Winding up the hills into the Santa Ynez Mountains, you might spot a brightly colored house perched proudly like a bird of paradise looking out from beneath the greenery. It is here that the AD&A interns met the Santa Barbara based artist Jane Gottlieb this week. Standing outside her house and studio wearing purple from head to toe, she greeted our cars from her gate, her blue eyes twinkling behind pink framed sunglasses complete with purple lenses.
The interior of the house is just as florescent as its exterior and Jane Gottlieb’s studio, swathed in fluffy rugs, is adorned with her framed works that evoke images of brightly colored dreams. The recognizable motifs of gardens, cityscapes, houses and skies line the studio in a kaleidoscopic wallpaper presenting an enhanced reality where color is just as important as the scenes it illuminates.
Whilst showing us snippets of her archival photographs stored systematically in lilac cabinets, Gottlieb discloses glimpses into her life and journey from being a creative director in the advertising industry to her transition into a career as a full time visual artist. She reveals that in the fourth grade, her teachers allowed her to sit painting at an easel during lesson times, while reminiscing that having her talent encouraged at such a young age helped focus her route towards a creative path. Now at the age of 70, she has spent the last 35 years as an artist and uses the example of her dedication to a daily practice of Tai Chi as an endorsement of her mantra: “do what you love and do it every day.” Clearly the abundance of her works is a testimony to its success.
A tour of the rest of her house begins when we walk up a thickly carpeted staircase leading into the main living areas. The floor is like a deep purple moss and the kitchen counter is adorned with five vases of brightly colored flowers. All around, multicolored dishes line the surfaces. “I collect glass” she says. Describing the house as a former “bachelor party pad”, Gottlieb reflects on the transformation of the building which, upon first moving in with her husband, she painted in many bright colors. This ritual began 40 years ago, when travelling in Yucatán, Mexico, the beauty of the boldly washed houses first inspired her to begin this colorful tradition. “I can’t understand why people paint their houses the color of dirt instead of flowers and nature” she says humorously. Admittedly, after a cheerful tour of her house, it is difficult to disagree.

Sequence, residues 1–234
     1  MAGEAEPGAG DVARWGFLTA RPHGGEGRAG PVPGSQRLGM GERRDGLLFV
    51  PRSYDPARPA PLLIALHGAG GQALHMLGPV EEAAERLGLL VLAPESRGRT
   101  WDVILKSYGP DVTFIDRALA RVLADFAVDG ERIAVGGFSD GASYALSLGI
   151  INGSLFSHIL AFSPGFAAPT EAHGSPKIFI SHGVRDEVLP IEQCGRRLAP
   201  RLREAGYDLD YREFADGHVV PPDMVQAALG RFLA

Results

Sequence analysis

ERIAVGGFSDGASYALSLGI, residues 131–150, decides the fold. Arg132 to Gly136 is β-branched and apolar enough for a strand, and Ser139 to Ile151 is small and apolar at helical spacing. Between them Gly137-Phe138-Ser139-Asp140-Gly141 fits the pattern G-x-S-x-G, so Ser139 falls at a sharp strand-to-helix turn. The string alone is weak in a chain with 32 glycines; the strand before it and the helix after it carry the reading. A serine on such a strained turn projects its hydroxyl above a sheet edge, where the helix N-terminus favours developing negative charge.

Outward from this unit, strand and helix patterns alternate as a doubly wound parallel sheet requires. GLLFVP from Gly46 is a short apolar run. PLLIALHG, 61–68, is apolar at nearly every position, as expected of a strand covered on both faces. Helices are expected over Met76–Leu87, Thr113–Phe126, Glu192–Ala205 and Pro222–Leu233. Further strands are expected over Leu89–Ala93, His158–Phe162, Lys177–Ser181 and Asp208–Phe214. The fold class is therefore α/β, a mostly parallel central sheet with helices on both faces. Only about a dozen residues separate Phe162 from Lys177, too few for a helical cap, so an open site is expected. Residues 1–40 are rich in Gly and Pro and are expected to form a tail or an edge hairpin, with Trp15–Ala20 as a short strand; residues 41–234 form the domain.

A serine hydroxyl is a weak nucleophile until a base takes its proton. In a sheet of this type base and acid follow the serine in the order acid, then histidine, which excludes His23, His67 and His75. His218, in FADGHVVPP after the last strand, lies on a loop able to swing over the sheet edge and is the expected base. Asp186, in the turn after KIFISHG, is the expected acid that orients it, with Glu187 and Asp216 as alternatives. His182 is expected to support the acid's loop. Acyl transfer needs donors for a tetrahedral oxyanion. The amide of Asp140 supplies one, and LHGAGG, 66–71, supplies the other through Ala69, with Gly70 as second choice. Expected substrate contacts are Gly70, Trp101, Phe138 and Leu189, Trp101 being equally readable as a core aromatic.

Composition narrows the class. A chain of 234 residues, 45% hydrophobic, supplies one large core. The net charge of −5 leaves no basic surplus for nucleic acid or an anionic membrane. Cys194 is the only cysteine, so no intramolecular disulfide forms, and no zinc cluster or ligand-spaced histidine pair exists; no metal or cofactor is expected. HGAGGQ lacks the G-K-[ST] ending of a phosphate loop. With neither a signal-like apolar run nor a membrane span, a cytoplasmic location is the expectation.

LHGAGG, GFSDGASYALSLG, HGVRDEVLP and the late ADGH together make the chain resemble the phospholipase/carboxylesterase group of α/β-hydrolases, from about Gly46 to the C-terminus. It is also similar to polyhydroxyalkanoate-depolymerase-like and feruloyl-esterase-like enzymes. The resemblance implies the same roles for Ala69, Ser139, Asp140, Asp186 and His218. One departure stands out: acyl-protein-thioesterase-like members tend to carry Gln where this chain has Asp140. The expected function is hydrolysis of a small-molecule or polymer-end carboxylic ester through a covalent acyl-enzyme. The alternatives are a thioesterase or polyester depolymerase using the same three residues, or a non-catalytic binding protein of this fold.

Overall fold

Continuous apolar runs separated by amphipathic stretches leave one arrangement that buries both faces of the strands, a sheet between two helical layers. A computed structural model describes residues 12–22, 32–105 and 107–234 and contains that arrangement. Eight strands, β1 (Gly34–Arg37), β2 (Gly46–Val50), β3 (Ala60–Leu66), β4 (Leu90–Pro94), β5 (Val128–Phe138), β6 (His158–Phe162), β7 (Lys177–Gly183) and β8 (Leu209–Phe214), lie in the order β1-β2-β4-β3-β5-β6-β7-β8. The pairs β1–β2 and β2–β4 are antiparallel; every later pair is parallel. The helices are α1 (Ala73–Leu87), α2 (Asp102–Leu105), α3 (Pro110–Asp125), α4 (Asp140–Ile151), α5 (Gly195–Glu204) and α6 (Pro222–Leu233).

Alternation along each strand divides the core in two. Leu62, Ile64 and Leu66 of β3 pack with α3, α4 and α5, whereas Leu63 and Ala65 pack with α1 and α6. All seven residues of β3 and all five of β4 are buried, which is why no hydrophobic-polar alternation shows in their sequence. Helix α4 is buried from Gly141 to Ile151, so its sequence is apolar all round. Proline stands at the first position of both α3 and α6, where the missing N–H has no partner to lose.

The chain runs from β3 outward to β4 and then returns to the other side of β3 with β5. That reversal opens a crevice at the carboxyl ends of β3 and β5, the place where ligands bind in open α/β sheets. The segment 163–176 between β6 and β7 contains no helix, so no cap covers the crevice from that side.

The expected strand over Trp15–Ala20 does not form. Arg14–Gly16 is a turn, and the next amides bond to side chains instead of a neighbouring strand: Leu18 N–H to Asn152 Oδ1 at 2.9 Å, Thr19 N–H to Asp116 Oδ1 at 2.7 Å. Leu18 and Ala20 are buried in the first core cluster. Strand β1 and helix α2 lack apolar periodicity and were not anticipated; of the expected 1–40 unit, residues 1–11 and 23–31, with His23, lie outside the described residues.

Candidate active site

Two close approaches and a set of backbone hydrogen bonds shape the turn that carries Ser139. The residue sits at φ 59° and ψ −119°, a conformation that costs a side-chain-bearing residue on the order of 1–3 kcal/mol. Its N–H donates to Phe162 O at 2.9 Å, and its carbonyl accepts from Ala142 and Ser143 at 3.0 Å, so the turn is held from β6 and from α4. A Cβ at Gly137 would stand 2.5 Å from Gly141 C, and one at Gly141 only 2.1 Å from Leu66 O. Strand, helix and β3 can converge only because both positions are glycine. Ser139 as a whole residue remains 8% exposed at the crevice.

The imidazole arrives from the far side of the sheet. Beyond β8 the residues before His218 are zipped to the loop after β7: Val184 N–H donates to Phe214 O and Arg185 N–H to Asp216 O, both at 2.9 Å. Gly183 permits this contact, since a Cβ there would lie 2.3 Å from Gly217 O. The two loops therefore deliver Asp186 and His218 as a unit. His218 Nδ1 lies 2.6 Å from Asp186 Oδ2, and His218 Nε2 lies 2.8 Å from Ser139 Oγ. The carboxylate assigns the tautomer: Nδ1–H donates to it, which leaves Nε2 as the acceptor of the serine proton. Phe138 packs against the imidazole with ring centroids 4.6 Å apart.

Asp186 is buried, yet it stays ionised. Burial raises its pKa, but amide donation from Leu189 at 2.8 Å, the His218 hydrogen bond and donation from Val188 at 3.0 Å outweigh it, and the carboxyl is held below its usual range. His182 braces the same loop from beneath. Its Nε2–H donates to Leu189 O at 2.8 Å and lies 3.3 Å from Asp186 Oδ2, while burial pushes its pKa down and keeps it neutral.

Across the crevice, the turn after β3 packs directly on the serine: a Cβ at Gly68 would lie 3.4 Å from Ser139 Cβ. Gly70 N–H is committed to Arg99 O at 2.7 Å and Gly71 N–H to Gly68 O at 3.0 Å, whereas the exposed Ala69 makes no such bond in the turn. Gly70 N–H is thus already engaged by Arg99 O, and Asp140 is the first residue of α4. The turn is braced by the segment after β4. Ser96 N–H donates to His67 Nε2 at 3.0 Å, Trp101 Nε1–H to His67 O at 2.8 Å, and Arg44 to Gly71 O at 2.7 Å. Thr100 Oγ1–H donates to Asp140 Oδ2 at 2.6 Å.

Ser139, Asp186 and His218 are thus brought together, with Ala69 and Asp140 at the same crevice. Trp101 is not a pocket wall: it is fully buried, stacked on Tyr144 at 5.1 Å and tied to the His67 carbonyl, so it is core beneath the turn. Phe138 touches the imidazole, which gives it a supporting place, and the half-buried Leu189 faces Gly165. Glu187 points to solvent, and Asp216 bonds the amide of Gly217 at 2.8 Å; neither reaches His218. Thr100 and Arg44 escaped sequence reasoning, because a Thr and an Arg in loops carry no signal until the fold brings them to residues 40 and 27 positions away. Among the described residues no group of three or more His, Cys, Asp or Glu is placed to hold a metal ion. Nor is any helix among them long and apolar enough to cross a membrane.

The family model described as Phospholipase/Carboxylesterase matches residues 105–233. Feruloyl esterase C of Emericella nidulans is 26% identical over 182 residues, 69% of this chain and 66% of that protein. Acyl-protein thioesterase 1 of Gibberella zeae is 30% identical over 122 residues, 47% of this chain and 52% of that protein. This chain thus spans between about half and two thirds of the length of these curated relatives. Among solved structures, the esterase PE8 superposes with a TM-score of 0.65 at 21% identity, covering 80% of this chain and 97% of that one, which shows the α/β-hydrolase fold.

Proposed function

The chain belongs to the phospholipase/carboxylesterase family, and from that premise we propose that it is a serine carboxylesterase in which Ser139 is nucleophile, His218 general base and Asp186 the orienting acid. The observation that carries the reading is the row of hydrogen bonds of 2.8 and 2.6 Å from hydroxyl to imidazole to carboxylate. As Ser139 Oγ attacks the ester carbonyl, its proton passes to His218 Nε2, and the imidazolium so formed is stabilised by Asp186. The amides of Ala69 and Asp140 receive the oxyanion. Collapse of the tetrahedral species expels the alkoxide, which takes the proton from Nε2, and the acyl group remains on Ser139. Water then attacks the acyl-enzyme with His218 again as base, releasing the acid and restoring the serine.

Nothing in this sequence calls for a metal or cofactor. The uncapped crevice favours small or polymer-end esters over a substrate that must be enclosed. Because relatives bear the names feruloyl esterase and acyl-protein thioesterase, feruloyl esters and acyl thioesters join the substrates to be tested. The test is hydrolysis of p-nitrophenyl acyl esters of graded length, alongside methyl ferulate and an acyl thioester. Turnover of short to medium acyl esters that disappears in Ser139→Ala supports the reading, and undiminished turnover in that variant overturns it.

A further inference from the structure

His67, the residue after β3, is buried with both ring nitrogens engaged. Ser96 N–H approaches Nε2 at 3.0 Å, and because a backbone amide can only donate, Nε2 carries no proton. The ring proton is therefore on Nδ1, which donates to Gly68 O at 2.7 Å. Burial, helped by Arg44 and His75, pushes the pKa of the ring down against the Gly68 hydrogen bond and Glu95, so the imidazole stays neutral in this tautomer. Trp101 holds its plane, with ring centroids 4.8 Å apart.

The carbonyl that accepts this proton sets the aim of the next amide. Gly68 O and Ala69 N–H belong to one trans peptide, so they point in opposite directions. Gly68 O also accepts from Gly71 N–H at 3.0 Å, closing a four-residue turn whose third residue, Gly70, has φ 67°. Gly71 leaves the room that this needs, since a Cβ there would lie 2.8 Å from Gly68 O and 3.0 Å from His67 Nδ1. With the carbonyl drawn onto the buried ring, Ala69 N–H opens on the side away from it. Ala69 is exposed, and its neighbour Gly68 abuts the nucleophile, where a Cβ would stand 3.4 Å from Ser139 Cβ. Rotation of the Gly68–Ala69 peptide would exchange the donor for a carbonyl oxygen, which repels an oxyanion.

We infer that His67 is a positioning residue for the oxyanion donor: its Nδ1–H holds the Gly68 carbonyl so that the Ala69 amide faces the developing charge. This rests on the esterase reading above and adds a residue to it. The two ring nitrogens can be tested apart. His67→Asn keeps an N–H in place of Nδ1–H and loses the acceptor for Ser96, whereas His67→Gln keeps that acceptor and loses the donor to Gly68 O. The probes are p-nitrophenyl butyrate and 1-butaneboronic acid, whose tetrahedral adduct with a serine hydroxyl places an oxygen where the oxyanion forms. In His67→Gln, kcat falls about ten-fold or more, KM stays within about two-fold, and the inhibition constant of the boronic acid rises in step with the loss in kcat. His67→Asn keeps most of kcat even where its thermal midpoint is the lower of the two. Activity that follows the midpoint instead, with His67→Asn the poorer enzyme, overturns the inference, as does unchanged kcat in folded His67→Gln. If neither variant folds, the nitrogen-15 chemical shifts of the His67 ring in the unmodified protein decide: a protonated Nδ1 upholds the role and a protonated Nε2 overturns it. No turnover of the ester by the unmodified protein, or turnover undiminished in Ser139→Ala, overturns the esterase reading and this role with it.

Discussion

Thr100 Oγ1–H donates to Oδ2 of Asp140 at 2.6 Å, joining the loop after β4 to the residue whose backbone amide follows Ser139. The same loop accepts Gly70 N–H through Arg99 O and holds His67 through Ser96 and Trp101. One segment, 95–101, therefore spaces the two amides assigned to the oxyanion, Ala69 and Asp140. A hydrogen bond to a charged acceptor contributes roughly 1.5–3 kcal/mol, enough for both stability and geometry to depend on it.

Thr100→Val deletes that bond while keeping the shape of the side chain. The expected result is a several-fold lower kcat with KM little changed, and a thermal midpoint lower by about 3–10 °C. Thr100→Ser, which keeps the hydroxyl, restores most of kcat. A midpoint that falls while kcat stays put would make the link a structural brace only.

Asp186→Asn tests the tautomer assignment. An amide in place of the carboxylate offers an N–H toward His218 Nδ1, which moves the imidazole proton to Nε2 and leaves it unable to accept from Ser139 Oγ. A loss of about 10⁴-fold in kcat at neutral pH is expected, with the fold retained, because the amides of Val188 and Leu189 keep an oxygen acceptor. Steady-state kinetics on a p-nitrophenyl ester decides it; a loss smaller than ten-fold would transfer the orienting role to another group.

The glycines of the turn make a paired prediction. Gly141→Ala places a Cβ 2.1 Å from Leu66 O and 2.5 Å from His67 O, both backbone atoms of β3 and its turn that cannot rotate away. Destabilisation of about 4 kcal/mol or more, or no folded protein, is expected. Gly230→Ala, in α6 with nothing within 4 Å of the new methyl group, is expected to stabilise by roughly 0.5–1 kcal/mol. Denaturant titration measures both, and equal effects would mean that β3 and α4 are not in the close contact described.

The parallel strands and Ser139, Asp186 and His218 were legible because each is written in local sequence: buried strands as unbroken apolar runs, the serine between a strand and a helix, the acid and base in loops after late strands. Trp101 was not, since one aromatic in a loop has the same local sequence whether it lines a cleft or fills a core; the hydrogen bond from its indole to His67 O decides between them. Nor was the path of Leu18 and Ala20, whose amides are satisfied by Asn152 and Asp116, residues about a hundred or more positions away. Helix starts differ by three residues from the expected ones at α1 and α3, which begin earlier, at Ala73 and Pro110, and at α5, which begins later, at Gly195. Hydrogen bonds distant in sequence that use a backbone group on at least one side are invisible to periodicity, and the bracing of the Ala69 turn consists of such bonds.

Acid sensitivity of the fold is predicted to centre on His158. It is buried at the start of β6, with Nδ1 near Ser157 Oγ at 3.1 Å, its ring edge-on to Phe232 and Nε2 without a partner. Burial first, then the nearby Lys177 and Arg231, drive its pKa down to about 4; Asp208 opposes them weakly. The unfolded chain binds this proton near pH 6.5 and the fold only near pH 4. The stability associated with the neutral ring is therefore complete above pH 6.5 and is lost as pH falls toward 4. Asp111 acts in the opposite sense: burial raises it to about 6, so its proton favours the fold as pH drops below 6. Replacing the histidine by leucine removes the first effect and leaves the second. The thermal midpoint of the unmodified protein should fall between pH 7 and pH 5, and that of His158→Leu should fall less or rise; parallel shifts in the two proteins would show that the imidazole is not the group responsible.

The next part of our shared afternoon led us to the Santa Barbara Botanic Gardens and the new Pritzlaff Conservation Center Gallery designed by architect Doug Singletary. The inaugural exhibition which opened on 14th April 2017, has brought together a selection of Gottlieb’s works under the title: “Fantasy Gardens”. The exhibition space itself embodies this title, with sliding doors leading out into a garden that seems to hover above Santa Barbara like a contemporary rendition of the Hanging Gardens of Babylon. Gottlieb’s “Fantasy Gardens” are the product of a lifetime of travel, drawing from photographs from around the world, which she hand-paints with retouching dyes onto Cibachrome prints. Scans of these and her lifetime collection of 35 mm Kodachrome slides, form the base for her visionary skills in Photoshop, painting and collage. When asked whether the resulting colors of her prints derive from a conscious observation of the contrast between built environment and landscape, she replied that she feels more than she intellectualizes. It is difficult therefore, to attempt to critique her works, for they are bright and playful simply because it is “fun” for them to be so. There is no doubt however, that Jane Gottlieb’s works present a fantastical vision of the world that is, as she is, bright, bold and imaginative.
Looking through Gottlieb’s portfolio on her website, the works in “Monet’s Gardens” are accompanied by Bob Dylan and a particular line in his song “Lay Lady Lay” perfectly captures what each of her prints achieve. As if he were writing on Gottlieb’s behalf, with each work she seems to say “whatever colors you have in your mind, I show them to you and you see them shine.”
The Fantasy Gardens exhibition is showing at the Santa Barbara Botanic Gardens until Tuesday 4th July 2017 and watch out for her upcoming show at the UCSB AD&A Museum opening in January 2018. Check out Jane’s work at www.janegottlieb.com